Ok here's one for the “good algorithms” that audit and track back and match up claims to ensure everything was in divine order.  With analytics those who bill for things out of the ordinary stick out like a sore thumb when a large dollar amount is shown and good to see it’s finally being used to track down fraud.  In addition to lawmakers efforts there’s also the HHS Most Wanted List you can check as well if you think you have seen any of the individuals out on the loose.  Chinese medicine that was administered obviously didn’t code right:)

HHS Creates 'Most Wanted' List Website for Healthcare Fraud - Office of the Inspector General

Last year it was announced that the data base analytics would be available for law enforcement to use when looking for Medicare fraud.  BD 

Medicare Federal Investigators Getting Algorithms to Analyze And Find Fraud-Good Move as Contractors Efforts Are Weak With Risking Loss Of Transaction Revenue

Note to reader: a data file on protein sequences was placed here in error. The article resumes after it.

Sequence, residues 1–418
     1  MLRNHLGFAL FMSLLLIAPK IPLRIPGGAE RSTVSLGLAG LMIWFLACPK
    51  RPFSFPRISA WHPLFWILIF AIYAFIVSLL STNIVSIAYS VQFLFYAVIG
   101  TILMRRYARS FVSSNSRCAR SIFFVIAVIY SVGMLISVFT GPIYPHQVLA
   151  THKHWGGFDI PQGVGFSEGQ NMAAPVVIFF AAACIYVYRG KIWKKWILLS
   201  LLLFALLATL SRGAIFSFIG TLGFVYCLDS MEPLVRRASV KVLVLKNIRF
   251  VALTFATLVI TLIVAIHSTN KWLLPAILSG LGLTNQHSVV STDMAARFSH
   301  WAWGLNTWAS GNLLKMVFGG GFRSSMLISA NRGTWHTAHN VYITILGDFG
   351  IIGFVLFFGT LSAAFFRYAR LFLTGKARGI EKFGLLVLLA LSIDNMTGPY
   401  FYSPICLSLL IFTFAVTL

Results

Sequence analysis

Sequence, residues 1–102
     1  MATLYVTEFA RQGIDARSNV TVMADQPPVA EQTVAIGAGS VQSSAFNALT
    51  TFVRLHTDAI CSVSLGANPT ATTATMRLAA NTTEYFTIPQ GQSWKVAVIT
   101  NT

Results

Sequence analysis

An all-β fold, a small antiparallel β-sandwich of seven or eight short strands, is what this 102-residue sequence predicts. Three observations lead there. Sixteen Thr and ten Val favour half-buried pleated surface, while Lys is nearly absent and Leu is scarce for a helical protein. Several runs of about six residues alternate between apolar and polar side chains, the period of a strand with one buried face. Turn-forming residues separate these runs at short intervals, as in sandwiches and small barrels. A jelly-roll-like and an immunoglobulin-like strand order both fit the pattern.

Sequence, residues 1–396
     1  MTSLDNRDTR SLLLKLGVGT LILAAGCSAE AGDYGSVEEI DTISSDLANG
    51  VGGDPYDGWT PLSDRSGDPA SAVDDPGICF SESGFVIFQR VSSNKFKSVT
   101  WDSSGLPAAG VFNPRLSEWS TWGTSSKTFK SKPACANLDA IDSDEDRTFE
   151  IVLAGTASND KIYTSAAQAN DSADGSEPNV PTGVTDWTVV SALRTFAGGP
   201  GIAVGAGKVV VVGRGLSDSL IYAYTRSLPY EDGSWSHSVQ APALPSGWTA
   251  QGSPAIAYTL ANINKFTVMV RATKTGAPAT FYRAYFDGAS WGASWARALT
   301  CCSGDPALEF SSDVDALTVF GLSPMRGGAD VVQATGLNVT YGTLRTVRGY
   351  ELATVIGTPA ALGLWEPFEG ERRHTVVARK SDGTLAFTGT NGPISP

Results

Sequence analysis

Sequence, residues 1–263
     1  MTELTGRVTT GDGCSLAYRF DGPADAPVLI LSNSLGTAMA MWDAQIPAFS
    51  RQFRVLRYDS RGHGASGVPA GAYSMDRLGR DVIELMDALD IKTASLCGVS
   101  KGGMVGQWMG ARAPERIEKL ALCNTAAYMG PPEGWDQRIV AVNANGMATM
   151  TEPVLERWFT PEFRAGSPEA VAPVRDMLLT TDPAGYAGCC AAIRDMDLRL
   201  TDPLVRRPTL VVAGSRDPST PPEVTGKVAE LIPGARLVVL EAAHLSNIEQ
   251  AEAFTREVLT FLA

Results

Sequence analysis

A doctor and an administrator at a Garden Grove medical clinic have been arrested for allegedly billing Medicare for physical therapy treatment that was never provided, the U.S. Attorney’s Office said Wednesday.

Dr. Byung Ho Pak and Mary Lim were arrested Wednesday morning as part of federal sweep in six regions of the U.S. Pak and Lim, while working at Seoul East West Medical Center, billed Medicare $2 million for physical therapy, according to an indictment. Patients, however, were given treatments that weren’t covered such as acupuncture and moxibustion, a traditional Chinese medicine skin treatment.

The clinic collected more than $1.4 million in payment, according to the indictment.

In all, the Medicare Fraud Strike Force charged 70 people across the U.S. with $264 million in Medicare fraud. The multi-agency team uses data analysis to help identity fraud.  Also arrested in the sweep was a Los Angeles doctor who once practiced in Fountain Valley. He was charged with fraud for allegedly performing unnecessary tests or billing for ones never performed. Dr. Owusu Firempong, 60, submitted $1.3 million in fraudulent claims, according to prosecutors.



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